Camp Chase Confederate Cemetery is said to be haunted by the confederate troops who perished in the Union prison during the Civil War. Overcrowded conditions and a lack of rations made the life of the Confederate POWs torturous. The prison was dismantled in 1867 and the area surrounding the cemetery has been built up over the passing century with various industries, as well as residential areas. With over 2,500 graves of Confederate soldiers, reports of seeing uniformed Confederate soldiers isn't surprising. There is also the Lady in Gray who wanders about the cemetery, pausing to read the grave markers in search of her lover's grave. The young woman is said to carry a white handkerchief and appears garbed in gray. You may just run into her if you choose to visit the cemetery.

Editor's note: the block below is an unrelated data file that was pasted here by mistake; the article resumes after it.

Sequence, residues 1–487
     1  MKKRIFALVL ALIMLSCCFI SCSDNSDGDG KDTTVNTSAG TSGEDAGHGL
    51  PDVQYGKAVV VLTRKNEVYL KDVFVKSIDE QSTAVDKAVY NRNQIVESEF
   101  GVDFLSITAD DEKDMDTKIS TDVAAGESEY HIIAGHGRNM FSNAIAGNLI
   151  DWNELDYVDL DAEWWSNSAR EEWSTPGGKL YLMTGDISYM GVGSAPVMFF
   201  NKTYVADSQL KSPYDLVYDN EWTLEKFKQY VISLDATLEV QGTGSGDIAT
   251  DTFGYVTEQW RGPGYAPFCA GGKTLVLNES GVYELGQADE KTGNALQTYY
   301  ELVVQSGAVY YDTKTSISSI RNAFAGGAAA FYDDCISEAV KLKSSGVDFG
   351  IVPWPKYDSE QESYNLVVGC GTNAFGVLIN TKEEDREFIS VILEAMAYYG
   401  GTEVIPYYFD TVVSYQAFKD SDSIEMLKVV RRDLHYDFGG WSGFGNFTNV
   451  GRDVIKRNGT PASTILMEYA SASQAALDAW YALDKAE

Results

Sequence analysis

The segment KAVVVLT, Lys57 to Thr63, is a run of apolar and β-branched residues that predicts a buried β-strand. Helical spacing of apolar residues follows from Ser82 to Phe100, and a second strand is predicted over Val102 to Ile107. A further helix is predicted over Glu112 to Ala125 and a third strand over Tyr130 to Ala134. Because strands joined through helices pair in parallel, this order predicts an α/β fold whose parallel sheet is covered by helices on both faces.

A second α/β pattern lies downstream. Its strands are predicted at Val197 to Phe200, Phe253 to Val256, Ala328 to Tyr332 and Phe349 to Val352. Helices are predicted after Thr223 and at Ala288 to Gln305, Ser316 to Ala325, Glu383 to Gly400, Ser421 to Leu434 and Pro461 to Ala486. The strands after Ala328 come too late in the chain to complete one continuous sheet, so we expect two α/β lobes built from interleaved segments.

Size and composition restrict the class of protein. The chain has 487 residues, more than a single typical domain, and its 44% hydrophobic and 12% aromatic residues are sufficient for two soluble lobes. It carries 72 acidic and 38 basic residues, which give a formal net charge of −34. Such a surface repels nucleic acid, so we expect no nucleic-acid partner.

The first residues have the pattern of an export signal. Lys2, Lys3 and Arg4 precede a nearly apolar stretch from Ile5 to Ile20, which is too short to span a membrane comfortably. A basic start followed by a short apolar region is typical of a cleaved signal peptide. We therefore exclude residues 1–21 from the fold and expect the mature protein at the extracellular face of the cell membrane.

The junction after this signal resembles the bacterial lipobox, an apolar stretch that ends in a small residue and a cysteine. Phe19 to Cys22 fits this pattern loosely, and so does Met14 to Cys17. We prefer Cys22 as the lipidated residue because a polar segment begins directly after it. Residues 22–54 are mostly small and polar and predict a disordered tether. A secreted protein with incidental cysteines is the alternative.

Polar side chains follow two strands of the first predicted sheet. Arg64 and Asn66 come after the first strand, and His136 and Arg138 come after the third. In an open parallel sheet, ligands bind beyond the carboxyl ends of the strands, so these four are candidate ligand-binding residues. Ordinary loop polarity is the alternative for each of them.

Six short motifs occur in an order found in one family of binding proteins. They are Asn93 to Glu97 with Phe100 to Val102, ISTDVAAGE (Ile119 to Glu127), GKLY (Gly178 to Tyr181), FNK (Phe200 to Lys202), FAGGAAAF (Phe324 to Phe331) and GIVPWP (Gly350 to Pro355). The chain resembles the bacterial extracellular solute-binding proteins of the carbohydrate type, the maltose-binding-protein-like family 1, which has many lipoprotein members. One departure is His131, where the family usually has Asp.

Malabar Farm State Park, Lucas
The Malabar Farm State Park is the epitome of sustainable farming implemented by conservationist Louis Bromfield. He was also a Pulitzer Prize author. The park is listed on the National Register of Historic Places. Some of the paranormal activity includes closet doors open on their own, cold spots, and EVPs have been captured. A male apparition dressed in military uniform with boots is often seen and phantom footfalls on the staircase, various shadow figures, pieces of disembodied conversations, and flickering lights are often reported.
Mansfield Reformatory, Mansfield
The Mansfield Reformatory is also known as The Ohio State Reformatory. It was known to imprison some of the roughest, meanest, and toughest criminals. The Shawshank Redemption was filmed onsite. You have several choices of ways to participate in a ghost investigation. There are also self-guided or guided tours available. The prison has a long history of paranormal activity. Some of the many types of paranormal activity include strange sounds, reports of shadow figures moving about, disembodied voices, phantom footsteps, and being grabbed or touched.
South Bass Island Lighthouse, Put-in-Bay